5-6 Illawonga Camp

Thirty four Year 5s and 6s, three teachers and an SSO left school bright and early on October 15— ­the first day of Term 4—heading for the Illawonga camp site near Swan Reach on the Murray River.
The campsite was originally built to showcase gymnastic equipment and was used by the Australian Olympic team in the 1980s as a out-in-the-middle-of-nowhere training centre. After three hours on the bus some students were wondering if it was there at all!


Aquatics was first on the agenda. After a taco lunch and an introduction to the campsite, we headed down the hill to the Murray River.
There were three aquatics activities to choose from and students rotated through them as the afternoon progressed. The knee-boarding proved most popular, with several students demonstrating their proficiency in often choppy conditions.
Swimming in the ‘waterhole’ with life-jackets was a big hit too. Floating cushions were used as targets for jumps, dives and bellyflops.
The paddleboats were also popular. These four person craft were paddled by the bow-pair with students on the back squirting water at other boats which came to close.
After the evening meal we headed into the gym for a round of gymnastic activities and an introduction to the foam pit. Students worked around a circuit of trampolines, hoops and bars, with many students achieving quite difficult poses and movements.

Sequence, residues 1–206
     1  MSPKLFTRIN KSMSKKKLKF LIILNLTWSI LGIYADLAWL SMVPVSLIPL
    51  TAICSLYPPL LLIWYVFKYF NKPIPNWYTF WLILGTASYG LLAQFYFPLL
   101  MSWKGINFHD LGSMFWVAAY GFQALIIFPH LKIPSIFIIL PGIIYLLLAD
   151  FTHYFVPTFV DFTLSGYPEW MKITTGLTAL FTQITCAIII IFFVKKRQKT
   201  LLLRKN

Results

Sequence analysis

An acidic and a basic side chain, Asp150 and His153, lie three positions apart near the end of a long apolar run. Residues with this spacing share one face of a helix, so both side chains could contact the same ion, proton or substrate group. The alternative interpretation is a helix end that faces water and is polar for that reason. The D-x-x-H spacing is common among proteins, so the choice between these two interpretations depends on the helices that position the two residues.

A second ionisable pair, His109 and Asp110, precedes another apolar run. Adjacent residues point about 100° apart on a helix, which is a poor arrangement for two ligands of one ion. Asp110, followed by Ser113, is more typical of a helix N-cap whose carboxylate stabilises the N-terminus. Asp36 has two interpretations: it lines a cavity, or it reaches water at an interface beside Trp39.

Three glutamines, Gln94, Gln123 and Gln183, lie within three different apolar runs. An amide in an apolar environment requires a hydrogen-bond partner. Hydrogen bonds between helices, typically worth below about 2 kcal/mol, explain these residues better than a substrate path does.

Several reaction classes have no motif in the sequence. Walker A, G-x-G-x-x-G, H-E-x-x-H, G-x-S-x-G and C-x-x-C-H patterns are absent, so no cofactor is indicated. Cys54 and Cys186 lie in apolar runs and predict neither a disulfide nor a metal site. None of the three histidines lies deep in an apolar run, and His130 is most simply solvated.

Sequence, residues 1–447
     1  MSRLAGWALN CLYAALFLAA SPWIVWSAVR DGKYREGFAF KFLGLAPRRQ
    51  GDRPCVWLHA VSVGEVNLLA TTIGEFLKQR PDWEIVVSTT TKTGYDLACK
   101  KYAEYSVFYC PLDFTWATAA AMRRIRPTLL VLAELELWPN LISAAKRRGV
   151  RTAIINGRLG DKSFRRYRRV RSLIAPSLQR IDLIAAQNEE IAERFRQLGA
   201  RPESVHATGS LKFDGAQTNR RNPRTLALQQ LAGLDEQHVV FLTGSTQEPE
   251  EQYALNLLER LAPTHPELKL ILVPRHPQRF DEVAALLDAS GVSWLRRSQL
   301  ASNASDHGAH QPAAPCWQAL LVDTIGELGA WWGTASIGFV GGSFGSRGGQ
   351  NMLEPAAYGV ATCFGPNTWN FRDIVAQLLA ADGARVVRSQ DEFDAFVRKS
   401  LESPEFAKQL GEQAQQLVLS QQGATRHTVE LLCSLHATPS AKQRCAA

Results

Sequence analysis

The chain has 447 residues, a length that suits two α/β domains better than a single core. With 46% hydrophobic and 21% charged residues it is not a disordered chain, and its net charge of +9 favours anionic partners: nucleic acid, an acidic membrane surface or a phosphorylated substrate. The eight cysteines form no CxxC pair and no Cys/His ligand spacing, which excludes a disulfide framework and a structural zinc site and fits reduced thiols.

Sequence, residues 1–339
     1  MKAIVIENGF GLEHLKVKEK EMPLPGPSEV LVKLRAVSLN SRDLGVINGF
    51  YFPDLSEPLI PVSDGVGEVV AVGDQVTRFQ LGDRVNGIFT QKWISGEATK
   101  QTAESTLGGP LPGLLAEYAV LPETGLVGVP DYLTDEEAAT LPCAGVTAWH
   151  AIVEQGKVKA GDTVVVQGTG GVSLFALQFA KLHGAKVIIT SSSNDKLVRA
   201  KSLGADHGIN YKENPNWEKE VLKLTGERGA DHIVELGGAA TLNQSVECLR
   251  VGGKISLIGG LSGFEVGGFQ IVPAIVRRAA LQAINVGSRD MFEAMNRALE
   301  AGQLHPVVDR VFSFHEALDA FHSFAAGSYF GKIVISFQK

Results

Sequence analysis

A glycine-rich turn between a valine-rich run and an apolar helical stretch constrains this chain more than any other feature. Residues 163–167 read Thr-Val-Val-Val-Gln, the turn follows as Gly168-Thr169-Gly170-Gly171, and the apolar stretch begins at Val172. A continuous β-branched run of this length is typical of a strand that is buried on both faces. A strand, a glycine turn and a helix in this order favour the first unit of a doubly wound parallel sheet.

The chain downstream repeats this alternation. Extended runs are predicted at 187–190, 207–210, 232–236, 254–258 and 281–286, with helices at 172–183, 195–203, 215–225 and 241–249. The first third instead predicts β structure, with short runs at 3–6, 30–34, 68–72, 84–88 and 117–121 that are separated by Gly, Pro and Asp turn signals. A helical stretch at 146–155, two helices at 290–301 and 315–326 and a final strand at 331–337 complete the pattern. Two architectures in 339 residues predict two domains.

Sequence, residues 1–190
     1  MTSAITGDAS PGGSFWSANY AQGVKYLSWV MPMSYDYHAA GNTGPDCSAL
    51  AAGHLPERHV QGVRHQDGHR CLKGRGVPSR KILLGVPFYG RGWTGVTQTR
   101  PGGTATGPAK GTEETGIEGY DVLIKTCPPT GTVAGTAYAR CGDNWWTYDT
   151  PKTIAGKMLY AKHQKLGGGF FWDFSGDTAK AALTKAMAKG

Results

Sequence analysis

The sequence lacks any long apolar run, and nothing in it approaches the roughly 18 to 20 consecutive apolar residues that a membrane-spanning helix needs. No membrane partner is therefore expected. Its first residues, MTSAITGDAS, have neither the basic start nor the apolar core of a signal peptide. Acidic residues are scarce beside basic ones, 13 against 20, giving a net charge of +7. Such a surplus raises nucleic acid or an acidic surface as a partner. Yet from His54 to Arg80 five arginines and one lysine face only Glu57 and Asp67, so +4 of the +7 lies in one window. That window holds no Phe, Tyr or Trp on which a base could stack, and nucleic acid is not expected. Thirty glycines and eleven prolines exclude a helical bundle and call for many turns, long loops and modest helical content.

We finished the evening with marshmallows around the campfire, hot cocoa and cake.


We split into two groups for Tuesday’s activities.
Group A took the ‘River Truck’ across the Murray and explored some deep caves in the cliffs. We experienced total darkness and hunted for fossils in the furthest reach of the cave. Students tried several challenges, wriggling along narrow extensions of the main cave system.
Group B meanwhile had completed a trek down the Murray to the Big Bend, toured a hidden billabong and watched birdlife including kestrels, pelicans and kits. On their return they had learned the basics of kayaking and paddled across the Murray and into a nearby billabong. Once there they had played hide and seek, chasey and splash the teacher. The two groups then swapped until it was time to return for a late lunch.
We boarded the bus for the next round of activities and travelled by bus and ferry into Swan Reach.
We saw the flood markers on the local buildings then arrived at the Swan Reach museum. Groups searched the buildings and outhouses for answers to a series of scavenger questions, learning about Murray Lock system, the local Aboriginal people and how children were taught back in the ‘old days’.
Back at camp we had our evening meal then re-boarded the bus to travel out to the ‘Big Bend at Night’ show.
The “Big bend at Night’ is a marvellously entertaining farming show with shearing, sheep dogs, sheep racing and much more.
Students bid in a sheep auction, learned how to crack a bullwhip, visited the petting zoo and played games.
We drove back to the camp and everyone was asleep VERY quickly!


Just as well, for we were up bright and early on our last day in camp, cleaning the dormitories, packing bags and organising for the bus.
After breakfast we again split into groups with students learning archery out the back of the campsite and a second session in the gym, hiding in the foam-pit and playing gladiators.
Students also played word games and tried out the new maze.
The bus arrived just after noon and we headed back to Maitland for a 3:30 return.
Illawonga is an action-packed camp and made all the better for the wonderful leaders including Mark, Joseph, Shona and Darren. Our cook Sonia was wonderful and so helpful and organised!
A big thank you to Hannah Clift, Beth Hector and Shirley Lands for their supervision and involvement.
Tim Tuck